Treating the Wounds of Rejection and Abandonment
We are made for community. We are created for connection. Our brains release positive-feedback chemicals when we experience connection. Our ancestors would not have survived hunting and foraging in the wilderness by themselves. It is hardwired into us as human persons made “in the image and likeness of God” (Genesis 1:26).
That’s why the wounds of rejection and abandonment can be so hard to overcome. We can be rejected in various areas of our lives: in our work, our family, our ideas, and our dreams. It can lead us down the path of overanalyzing our faults and proving our brokenness. Abandonment and rejection wounds tell us flat out: “This innate need that you have, that you crave, is not going to be met.” So, we search for answers by asking, “What can I do to make myself more loveable and fix what is broken in me?” This, of course, leads to shame. The shame tells us something is broken in us and unworthy of love and needs to be fixed, and if not fixed, then hidden. Inevitably, it’s not only the flaws that become hidden, but the whole person. Shame imposes a self-rejection and self-imposed exile that robs the individual of disproving the thought that, “I am inherently bad.” But unlike guilt, where we can make reparation for our faults, we cannot “fix” shame because it is based on lies.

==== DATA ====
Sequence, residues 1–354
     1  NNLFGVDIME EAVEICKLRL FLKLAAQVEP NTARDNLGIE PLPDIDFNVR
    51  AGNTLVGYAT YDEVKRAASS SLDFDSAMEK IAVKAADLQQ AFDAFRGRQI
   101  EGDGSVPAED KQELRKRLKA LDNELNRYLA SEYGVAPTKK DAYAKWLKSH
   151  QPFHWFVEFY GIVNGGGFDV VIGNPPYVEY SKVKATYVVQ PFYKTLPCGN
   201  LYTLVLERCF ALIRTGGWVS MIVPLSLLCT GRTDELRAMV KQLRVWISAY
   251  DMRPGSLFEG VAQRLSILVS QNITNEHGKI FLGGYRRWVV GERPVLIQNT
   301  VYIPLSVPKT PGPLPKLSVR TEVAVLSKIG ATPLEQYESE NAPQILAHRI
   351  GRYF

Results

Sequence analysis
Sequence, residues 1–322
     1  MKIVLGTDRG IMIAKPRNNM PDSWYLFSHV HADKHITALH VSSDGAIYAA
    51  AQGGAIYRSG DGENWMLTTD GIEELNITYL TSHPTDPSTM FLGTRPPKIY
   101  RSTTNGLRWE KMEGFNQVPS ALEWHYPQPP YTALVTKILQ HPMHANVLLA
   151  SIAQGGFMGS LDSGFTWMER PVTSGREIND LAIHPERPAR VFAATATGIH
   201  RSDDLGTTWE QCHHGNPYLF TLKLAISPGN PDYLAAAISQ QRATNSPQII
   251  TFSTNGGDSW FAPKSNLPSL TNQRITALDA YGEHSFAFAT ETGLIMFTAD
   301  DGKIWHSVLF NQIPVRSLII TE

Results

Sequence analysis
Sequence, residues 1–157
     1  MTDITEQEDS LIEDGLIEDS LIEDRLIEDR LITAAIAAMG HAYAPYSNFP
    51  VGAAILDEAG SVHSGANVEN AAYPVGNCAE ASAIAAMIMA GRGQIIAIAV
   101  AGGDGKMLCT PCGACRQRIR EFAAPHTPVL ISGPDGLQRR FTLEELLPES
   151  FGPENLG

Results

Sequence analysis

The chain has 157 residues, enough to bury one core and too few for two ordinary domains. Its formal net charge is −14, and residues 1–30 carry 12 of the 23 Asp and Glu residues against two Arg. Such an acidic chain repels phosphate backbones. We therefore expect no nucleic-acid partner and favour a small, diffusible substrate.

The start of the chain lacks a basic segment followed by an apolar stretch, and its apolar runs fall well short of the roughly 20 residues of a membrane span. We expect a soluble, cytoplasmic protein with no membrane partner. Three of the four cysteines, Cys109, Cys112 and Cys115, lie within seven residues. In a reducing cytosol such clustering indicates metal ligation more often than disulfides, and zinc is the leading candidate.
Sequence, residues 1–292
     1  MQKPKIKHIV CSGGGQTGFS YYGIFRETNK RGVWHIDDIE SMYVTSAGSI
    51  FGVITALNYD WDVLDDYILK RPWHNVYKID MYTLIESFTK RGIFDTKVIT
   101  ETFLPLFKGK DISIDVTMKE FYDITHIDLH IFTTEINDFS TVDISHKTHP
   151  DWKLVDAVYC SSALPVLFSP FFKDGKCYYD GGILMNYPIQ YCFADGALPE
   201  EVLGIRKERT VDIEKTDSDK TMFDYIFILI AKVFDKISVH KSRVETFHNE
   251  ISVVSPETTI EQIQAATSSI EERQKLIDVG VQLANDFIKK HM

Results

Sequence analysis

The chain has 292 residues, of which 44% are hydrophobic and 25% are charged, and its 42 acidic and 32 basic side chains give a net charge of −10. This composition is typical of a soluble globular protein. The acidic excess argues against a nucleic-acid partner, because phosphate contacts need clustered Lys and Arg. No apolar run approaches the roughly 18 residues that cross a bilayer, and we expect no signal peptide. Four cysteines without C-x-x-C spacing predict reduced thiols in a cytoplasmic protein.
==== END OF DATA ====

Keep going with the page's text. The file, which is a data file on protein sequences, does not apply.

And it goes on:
During these moments, we must acknowledge how we are wounded without trying to move on and dismiss the gravity of the pain. Instead, we give ourselves permission to feel it, and allow it to motivate us to engage others to heal and return to a sense of belonging. If we are people of faith, we need to be grounded in our relationship with God, where we are unconditionally accepted and loved. We need to trust that we will be embraced as the Prodigal Son despite our mistakes and imperfections. At times like these, we need to dare to be vulnerable and lean into the relationships that nourish us and remind us that we are ok. As we do this, we gradually begin to believe the truth over the lies. Being created for connection doesn’t have to be an unmet longing. We can let that desire within lead us to authentic relationship.